Single Fan Vs Dual Fan GPU (Graphics) Does it really Matter?

When crafting a custom gaming rig, one of the most important components to include besides a powerful CPU is a graphics card. And like any other PC component, GPUs come in a vast range of sizes and designs. Different GPU models offer distinctive cooling systems that help to maintain temperatures within safe levels for the best performance.

The most common graphics card models include single fan and dual fan GPUs. While both GPU models are engineered to deliver the best performance for gaming, they vary greatly when it comes to their sizes, functionality, cooling performance, noise levels, and even pricing.

So which one should you choose between single fan GPU versus dual fan GPU?  Well, to help you decide on the right one to use for your gaming rig, here’s a detailed comparison of these two graphics card designs.

Single Fan vs Dual Fan GPU: Comparison

Both single fan and dual fan GPUs have their own benefits and shortcomings. That said, let’s look at some of the key similarities and differences between the two GPU types to help you better understand which one would be most ideal for your rig.

  • Functionality

Both GPUs are designed with cooling systems that include a fan and heatsink that help eliminate excess heat from the GPU itself and maintain ideal temperature levels.

However, one of the most notable differences between a single fan and dual-fan GPU is in their style of cooling. This is mainly on how the fans on both graphics cards work in removing the excess heat.

Single fan GPUs typically employs a blower-style cooling system that involves expelling the hot air from the GPU completely out of the case.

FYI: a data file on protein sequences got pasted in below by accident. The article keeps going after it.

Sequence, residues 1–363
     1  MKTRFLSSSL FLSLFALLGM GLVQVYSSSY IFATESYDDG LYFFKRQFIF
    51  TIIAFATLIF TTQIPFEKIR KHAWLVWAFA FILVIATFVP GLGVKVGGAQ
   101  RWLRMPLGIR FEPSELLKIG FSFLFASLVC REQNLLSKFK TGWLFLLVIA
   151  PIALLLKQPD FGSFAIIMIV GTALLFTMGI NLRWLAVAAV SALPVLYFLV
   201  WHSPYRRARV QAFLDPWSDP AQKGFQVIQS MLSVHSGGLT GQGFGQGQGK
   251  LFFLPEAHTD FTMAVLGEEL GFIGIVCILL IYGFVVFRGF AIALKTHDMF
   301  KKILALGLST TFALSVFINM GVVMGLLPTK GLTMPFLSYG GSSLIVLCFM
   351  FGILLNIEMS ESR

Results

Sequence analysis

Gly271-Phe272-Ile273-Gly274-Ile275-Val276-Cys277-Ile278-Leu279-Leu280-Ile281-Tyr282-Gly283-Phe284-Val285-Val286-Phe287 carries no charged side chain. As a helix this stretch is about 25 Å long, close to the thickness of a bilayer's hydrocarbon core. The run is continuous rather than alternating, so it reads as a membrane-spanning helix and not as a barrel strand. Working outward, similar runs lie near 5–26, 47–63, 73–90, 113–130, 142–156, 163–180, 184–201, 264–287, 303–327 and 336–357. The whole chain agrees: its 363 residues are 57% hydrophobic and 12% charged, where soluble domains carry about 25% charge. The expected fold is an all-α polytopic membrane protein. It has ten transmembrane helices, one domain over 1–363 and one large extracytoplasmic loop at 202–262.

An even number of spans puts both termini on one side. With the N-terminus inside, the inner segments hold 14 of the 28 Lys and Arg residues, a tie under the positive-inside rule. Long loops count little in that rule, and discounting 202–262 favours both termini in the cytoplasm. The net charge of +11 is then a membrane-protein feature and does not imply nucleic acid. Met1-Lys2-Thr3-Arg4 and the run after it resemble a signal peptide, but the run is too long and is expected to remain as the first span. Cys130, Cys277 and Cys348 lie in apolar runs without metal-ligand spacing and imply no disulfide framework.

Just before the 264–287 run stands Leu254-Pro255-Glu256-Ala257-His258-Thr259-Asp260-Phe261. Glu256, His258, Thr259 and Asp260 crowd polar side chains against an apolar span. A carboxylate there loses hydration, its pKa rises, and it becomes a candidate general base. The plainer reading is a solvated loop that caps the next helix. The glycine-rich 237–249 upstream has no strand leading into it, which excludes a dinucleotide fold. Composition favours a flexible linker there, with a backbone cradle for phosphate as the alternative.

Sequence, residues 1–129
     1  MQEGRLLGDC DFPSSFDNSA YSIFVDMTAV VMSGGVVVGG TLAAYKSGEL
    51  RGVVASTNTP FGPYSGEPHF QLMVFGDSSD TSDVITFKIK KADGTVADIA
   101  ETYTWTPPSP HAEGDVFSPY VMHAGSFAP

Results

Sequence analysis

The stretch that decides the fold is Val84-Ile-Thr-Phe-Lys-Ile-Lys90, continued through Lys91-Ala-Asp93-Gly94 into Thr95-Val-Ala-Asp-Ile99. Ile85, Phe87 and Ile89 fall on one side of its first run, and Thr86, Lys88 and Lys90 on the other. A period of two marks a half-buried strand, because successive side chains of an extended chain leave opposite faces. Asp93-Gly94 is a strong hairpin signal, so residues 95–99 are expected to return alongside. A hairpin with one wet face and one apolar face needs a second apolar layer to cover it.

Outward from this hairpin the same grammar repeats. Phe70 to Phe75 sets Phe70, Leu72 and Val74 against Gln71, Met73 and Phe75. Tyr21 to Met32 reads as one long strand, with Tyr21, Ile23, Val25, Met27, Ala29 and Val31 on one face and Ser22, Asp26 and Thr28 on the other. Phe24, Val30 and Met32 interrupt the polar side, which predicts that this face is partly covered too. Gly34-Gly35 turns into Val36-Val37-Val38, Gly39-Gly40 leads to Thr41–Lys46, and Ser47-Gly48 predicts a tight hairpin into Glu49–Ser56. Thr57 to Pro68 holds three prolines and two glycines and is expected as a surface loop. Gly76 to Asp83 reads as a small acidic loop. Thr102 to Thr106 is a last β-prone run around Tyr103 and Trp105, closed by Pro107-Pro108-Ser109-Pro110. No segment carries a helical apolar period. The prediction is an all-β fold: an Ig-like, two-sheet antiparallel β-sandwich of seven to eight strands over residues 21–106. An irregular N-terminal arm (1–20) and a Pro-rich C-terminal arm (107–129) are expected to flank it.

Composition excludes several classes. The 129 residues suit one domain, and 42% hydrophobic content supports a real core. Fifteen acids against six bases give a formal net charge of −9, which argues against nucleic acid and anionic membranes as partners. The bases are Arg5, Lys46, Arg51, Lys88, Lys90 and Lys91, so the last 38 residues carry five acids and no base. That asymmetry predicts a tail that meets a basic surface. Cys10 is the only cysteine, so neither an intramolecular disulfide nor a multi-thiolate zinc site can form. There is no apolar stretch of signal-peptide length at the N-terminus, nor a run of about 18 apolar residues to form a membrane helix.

In contrast, dual fan GPUs uses an open air cooling system where air from the fans is spread over the heatsink and then released back to your PC’s casing through the GPU’s front and bottom vents.  This is because it has an open design.

  • Sizes

Before you choose the best graphics card for your rig, you need to ensure your PC chassis has enough clearance to allow for a perfect fit of your chosen graphics card. You should also check that your power unit can provide your GPU the recommended wattage.

When it comes to the two graphics cards differences in sizes, the single fan GPU is usually small in size and can nicely fit into any small form factor PC case as well as mini-ITX ones.  Not only can a single fan GPU fit into your compact PC chassis, but also take up less motherboard space, allowing you to fit other components without clearance issues.

A dual fan GPU, however, has a larger footprint almost double that of single fan models. This makes them most suitable for mid- to large-sized PC cases. Due to their larger sizes, they will take up much of your motherboard space.

Compatibility is a huge plus for single fan GPUs. They stick to standard dimensions and should perfectly fit in a wide range of builds.

  • Performance

In terms of cooling performance, a dual fan GPU will dissipate heat much faster and more efficiently than a single fan model due to its two powerful fans. On top of having two fans, this gpu model also comes equipped with a larger heatsink with copper heat pipes that makes it incredible efficient in cooling the graphics card.

The fact that a single fan GPU uses a single fan and smaller heat sink, makes it deliver reduced cooling capacity. However, when both models are used for a limited amount of time, there will be no any noteworthy difference in their performance. Their difference in dissipation of heat is only significant when both graphics are used for extended periods of time.

Over time, a single fan GPU often starts slowing down in performance whereas a dual fan GPU maintains the temperatures within safer levels due to the additional power from the second fan.  This means that a Graphics card with two fans can help you achieve a higher frame rate that’s ideal when you’re gaming or performing graphics-intensive jobs.

  • Overclocking

Overclocking your GPU is inarguably a great way to boost performance, especially if your graphics card is not factory overclocked. The main problem with overclocking is that it generates a lot of heat, which may demand a powerful cooling system for better performance. Excess heat can as well significantly shorten the lifespan of your GPU.